She highlighted efforts by the Academic Policies Committee and the All University Committee that allowed a new Pass/Fail Policy to be instituted. Deadlines for incomplete work as well as class withdrawals have also been extended.

Holloway discussed efforts to expand her existing laptop loaner program to help students without access to computers at home. It has received newly refurbished laptops from the IT department. 

“Not everyone has equal access to technology,” she said. The program has loaned out all but one of its laptops, with one being shipped out to a student as of the meeting. 

“We also have students who are concerned about their internet access,” Holloway added. “They might not have been concerned before, but might be more concerned now just because there are so many people at home working remotely and using the internet.”

Holloway said she is working with IT to order “MiFis,” wireless devices that allow users access to the internet on the go, to provide to students who lack internet access at home. 

But given the circumstances, technological devices are taking time to deliver, she added. “We are hoping that those will be coming soon.”

New college to form at the University

As part of the proposed Academic Affairs restructuring plan, the University will form a new college, said Zimmerman.

Education as well as social and behavioral sciences currently represent two separate colleges, but the restructuring plan combines them into one, Zimmerman explained. The three other colleges of Arts & Humanities, Business, and Science, Technology, Engineering & Math remain unchanged.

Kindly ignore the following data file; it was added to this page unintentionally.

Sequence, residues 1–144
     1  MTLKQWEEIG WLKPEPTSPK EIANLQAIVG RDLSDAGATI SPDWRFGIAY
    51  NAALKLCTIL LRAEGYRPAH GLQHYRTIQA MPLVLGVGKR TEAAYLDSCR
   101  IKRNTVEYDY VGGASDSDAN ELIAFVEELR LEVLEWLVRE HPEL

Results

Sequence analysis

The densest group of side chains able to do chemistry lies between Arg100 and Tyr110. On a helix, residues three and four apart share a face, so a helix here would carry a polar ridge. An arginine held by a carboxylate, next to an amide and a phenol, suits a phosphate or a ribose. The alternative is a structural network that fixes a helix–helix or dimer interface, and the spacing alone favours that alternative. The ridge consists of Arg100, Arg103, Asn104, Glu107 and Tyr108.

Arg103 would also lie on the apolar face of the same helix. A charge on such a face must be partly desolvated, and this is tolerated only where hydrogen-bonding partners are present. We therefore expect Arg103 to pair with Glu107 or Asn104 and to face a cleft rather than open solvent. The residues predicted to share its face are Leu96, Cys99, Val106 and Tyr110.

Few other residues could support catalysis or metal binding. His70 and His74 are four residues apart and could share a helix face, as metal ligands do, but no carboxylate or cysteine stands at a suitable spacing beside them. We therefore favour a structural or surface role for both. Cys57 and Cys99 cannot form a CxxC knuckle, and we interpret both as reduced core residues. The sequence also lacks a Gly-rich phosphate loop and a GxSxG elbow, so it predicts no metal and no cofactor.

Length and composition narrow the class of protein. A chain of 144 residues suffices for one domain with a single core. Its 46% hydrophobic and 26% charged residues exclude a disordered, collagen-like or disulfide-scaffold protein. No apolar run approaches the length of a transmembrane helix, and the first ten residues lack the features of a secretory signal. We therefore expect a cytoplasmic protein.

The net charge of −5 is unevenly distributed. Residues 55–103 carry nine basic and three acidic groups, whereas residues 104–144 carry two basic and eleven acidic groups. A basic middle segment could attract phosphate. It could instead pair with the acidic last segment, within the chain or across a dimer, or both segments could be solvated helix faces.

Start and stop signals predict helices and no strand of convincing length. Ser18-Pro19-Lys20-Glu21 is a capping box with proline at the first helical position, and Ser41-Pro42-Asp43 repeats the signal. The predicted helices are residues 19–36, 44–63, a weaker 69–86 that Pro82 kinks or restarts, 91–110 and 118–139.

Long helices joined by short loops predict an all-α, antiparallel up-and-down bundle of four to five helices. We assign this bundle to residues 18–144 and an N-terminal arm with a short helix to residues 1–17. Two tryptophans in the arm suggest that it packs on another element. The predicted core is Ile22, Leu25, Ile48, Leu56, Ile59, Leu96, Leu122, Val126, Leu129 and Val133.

This brings the University to four colleges in total. 

Fundraising, alumni matters, and events for seniors

Eric Gustafson, vice president of development and alumni relations, said, “We’ve refocused our fundraising almost entirely on emergency financial support for students.”

Alumni and friends of the University are concerned about students in economic crisis during this time, he said. They’ve replenished funds supporting students who have lost jobs or other means of affording school.

As fundraising events can no longer be held in person due to nationwide restrictions on large gatherings, Gustafson said engagement efforts have taken place online. These include expanded social media efforts, webinars, and programs such as a new online book club.

During this time, individual contact with alumni has also remained a focus for his department. “We’re attempting to personally call every alumna who’s already celebrated their 50th reunion,” he said. 

“They’re really our most vulnerable alumni in terms of age,” he added. “What we really want to do is check in on them, and make sure they’re doing all right.”

His department seeks to connect these alumni with resources that may help them through the pandemic and “if nothing else, just provide friendly conversations.” 

Another focus has been on bringing senior events online, Gustafson said. 

“This is, we all know, a very unfortunate situation for the Class of 2020,” he said. “All of the rites of passage that come with graduating from college are gone.”

His office hopes to provide some of the events seniors would have been invited to attend on campus, such as the Senior Toast Tradition, virtually as they are welcomed to the Alumni Association. 

Additionally, displays and collections at the currently closed Danforth Art Museum have been posted for viewing online, Gustafson said. They can be found on the Danforth’s social media accounts and website. 

“One interesting note is today is actually the one-year anniversary of the reopening of the Danforth as part of Framingham State University,” he added.

“It’s not the way we planned to celebrate it, but there is a special video that just went online today celebrating that one-year anniversary,” he added.

Holloway said, “There is a bright side to what we’re doing, even though right now, it seems that we’re in a very dark place.

“All the work and the collaborations between Academic Affairs, and PTO, and IT, and Student Affairs – it really makes me hopeful,” she said. 

“Everyone can act well when things are good,” she added. “It really shows character when you act well when things are not good. And I have to say, I’m really proud of the way everyone has been acting and I thank you for helping us do our jobs.”